Michelangelo considered himself a very gifted sculptor, but was asked to paint figures for the Sistine Chapel by Pope Julius II. The Sistine chapel was completed in 1480 and was decorated by many famous panters at the time. The pope wanted to include Michelangelo to that portfolio.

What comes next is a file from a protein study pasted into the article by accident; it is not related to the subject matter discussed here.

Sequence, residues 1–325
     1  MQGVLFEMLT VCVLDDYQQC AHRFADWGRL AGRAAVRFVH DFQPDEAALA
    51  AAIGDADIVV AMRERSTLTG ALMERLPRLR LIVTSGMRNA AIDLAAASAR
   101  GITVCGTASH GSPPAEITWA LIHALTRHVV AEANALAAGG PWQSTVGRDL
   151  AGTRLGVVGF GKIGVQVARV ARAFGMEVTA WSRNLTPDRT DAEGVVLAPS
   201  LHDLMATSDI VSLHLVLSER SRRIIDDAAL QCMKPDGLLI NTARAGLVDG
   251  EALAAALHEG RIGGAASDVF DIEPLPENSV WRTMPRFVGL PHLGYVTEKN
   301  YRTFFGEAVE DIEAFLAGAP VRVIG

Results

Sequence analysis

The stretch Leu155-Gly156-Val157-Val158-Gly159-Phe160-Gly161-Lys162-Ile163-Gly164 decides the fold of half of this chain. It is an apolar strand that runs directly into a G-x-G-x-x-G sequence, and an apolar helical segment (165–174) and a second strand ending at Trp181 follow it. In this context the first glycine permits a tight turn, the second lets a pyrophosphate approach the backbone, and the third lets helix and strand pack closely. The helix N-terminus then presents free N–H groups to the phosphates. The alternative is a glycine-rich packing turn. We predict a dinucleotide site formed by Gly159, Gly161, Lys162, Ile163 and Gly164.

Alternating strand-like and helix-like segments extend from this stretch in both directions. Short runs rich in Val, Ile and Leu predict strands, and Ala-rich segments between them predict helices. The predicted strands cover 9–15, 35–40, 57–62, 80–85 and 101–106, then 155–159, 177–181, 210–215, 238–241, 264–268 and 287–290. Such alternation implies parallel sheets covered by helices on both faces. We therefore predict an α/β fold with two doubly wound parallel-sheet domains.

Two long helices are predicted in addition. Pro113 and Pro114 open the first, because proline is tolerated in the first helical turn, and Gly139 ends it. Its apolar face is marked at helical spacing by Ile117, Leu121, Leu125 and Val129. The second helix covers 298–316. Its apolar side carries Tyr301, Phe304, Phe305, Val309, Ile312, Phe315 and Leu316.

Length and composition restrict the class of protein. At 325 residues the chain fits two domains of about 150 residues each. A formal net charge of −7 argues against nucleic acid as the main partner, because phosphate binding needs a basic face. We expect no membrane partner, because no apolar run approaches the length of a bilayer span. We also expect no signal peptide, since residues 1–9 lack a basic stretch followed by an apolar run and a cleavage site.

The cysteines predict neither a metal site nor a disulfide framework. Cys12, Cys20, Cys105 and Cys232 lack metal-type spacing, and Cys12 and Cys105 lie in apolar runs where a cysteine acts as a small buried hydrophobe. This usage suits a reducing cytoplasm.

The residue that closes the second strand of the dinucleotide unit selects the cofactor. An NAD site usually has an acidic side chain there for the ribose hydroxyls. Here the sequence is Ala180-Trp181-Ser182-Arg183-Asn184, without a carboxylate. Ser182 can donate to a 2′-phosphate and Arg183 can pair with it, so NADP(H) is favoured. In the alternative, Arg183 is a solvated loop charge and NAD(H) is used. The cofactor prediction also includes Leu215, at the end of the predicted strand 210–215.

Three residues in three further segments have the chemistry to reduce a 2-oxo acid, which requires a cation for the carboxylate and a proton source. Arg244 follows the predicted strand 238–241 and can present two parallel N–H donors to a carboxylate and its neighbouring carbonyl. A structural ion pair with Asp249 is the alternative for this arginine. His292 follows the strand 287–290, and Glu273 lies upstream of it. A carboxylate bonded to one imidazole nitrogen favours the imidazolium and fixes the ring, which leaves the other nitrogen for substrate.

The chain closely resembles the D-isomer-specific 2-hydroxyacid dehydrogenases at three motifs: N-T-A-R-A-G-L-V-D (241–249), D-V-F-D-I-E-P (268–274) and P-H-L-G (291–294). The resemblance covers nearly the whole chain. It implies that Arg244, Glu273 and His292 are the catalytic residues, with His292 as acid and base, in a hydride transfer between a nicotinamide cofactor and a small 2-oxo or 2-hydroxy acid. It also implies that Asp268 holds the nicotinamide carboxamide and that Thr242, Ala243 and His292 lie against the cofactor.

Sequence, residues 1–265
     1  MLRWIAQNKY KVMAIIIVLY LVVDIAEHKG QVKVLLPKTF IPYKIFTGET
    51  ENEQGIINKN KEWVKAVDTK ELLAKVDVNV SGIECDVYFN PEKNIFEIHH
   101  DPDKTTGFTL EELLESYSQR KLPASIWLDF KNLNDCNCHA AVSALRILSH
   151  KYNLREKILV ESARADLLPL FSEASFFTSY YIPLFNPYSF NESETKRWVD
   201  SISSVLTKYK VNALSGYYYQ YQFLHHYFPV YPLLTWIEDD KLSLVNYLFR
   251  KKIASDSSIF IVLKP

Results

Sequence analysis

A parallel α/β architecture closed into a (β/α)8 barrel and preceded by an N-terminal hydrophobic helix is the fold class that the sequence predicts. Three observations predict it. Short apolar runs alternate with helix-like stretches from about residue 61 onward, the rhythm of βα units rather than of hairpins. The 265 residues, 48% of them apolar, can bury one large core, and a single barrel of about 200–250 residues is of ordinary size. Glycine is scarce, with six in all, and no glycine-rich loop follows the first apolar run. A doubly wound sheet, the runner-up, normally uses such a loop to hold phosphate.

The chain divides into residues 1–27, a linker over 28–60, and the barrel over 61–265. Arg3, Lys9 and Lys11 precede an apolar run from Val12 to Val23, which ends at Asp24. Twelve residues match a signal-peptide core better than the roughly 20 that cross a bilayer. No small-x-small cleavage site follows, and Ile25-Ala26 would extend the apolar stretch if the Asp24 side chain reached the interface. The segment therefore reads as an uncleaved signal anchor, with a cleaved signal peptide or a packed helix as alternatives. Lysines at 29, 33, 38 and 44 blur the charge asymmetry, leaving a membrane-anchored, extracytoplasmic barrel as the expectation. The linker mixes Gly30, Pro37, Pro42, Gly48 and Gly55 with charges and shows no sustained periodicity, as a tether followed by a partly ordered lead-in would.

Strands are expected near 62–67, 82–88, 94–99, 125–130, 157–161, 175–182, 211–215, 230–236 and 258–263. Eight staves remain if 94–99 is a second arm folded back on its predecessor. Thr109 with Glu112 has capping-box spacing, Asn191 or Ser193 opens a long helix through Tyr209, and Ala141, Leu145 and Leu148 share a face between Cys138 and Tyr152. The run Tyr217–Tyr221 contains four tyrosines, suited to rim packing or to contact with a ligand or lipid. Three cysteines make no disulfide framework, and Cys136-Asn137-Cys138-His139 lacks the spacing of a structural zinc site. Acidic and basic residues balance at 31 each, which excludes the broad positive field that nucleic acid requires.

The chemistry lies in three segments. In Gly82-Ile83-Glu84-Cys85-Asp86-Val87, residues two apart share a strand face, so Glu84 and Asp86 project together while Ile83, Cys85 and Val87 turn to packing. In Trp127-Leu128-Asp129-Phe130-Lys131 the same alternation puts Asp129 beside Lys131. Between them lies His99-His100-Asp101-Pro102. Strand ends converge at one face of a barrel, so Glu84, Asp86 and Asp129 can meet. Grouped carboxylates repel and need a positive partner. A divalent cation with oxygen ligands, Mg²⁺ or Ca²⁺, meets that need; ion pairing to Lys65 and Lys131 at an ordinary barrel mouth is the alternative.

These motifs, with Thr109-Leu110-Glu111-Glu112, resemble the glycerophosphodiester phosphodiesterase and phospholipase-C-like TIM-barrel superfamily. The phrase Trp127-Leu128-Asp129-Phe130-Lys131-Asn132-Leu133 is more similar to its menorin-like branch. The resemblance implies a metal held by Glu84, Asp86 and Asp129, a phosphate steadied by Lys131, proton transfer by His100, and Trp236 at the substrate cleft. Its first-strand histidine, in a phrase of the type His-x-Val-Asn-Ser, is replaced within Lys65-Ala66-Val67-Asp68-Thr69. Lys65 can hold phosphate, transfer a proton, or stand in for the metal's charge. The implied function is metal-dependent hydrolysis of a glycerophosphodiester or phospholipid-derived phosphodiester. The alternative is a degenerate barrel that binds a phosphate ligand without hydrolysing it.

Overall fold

It seems that Michelangelo, in his own way, allowed himself to be guided by the evocative words of the Book of Genesis which, as regards the creation of the human being, male and female, reveals: “The man and his wife were both naked, yet they felt no shame” (Gn 2:25). The Sistine Chapel is precisely – if one may say so – the sanctuary of the theology of the human body. In witnessing to the beauty of man created by God as male and female, it also expresses in a certain way, the hope of a world transfigured, the world inaugurated by the Risen Christ, and even before by Christ on Mount Tabor.Pope John Paul II speech on April 8 1994, unveiling the restored Sistine Chapel (Full text of speech)